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Title: Physiological aspects of weight loss in obesity
Author: Patel, Kishor Kantilal
ISNI:       0000 0004 2710 9161
Awarding Body: University of Nottingham
Current Institution: University of Nottingham
Date of Award: 2011
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Obesity continues to be a major cause of morbidity and mortality and worldwide prevalence rates continue to rise. The cornerstone for treating obesity remains diet and lifestyle, with the ultimate goal being normalising those parameters that are associated with ill health, for example hyperinsulinaemia and insulin resistance. Because obesity predominantly develops due to a mismatch between energy intake and utilisation, this thesis looked at the effects of dietary interventions upon Resting Energy Expenditure (REE) and substrate oxidation. In addition, the impact of popular dietary interventions upon body composition and insulin resistance was examined. When phenotypic characteristics were investigated before and after weight loss by using hypocaloric diets, which differed in fat and carbohydrate content, Fat-Free Mass (FFM) and Fat Mass (FM), were strong predictors of REE before and after the intervention and weight loss rather than the specific dietary intervention, significantly predicted post intervention REE. Fasting fat oxidation was found to be lower in obese subjects and they had a lower postprandial response to a high fat challenge. This implied that a diet high in fat is more likely to promote a positive energy balance an ultimate weight gain. The final study compared 4 popular dietary interventions. Each was equally effective at achieving clinically significant weight loss and improvements in insulin sensitivity. Although none was significantly more superior, there was a trend supporting three of the diets (Atkins’, Weight Watchers and Rosemary Conley) above the other (Slim-Fast) and it was the pattern of weight loss, i.e. mainly loss of FM, which proved beneficial with regards to improving insulin sensitivity. In summary, this thesis confirms that REE is mainly predicted by FFM and FM and that there is diminished fat oxidation on obese subjects. What this thesis also adds to previous research that it if a specific diet can improve the pattern of weight loss, this can be clinically beneficial.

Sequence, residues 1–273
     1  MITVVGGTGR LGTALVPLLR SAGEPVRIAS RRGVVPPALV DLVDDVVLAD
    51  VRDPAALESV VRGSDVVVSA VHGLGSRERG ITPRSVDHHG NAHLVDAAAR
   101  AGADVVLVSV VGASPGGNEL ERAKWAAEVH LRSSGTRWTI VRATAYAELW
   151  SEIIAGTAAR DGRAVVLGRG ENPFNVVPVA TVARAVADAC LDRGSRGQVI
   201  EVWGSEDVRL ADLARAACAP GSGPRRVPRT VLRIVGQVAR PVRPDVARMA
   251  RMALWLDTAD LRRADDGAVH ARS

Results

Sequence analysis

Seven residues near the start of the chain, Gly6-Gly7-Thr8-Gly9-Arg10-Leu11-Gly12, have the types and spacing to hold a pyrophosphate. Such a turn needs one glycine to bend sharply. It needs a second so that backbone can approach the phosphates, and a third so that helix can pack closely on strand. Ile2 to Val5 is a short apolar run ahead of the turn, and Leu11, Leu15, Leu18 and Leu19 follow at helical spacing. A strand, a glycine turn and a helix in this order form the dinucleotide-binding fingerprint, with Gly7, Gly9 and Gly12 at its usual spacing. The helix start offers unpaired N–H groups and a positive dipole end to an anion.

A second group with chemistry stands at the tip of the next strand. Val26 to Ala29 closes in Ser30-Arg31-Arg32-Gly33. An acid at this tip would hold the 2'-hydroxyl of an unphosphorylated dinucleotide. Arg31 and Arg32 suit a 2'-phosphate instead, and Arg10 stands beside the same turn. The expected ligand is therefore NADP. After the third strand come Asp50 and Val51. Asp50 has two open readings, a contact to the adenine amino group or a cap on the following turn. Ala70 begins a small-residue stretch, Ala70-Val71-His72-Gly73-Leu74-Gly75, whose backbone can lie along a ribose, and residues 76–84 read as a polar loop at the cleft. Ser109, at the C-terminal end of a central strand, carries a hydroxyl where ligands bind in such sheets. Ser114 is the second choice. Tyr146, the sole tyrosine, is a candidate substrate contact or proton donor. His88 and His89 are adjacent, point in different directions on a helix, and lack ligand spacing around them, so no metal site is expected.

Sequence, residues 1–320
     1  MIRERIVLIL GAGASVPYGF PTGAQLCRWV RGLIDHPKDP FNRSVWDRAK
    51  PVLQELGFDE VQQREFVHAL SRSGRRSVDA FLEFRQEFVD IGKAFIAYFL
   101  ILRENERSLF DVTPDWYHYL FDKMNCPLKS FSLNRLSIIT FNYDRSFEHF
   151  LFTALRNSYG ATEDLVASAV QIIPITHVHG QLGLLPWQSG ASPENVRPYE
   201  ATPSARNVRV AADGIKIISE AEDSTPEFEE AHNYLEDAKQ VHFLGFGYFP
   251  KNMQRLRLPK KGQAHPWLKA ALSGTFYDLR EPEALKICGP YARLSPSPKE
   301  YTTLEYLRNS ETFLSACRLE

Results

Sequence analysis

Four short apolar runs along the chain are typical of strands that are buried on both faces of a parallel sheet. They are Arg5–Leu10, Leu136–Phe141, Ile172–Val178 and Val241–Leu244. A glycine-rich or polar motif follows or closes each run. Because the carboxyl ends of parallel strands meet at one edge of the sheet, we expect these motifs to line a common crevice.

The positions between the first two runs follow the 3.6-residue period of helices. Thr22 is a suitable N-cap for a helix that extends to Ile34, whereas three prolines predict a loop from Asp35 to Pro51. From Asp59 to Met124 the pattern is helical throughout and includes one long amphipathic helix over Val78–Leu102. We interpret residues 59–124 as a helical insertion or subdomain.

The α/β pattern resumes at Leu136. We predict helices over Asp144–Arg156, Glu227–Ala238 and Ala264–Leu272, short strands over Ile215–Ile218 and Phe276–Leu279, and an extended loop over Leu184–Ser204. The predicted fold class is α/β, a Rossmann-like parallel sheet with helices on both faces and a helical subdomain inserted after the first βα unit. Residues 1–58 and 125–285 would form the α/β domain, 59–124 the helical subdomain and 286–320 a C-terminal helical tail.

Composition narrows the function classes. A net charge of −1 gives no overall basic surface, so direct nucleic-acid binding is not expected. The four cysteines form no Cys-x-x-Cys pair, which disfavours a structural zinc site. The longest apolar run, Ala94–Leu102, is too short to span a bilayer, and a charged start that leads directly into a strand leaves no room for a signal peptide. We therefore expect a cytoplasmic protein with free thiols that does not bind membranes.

Supervisor: Not available Sponsor: Not available
Qualification Name: Thesis (M.D.) Qualification Level: Doctoral
EThOS ID:  DOI: Not available
Keywords: WD Disorders of systemic, metabolic or environmental origin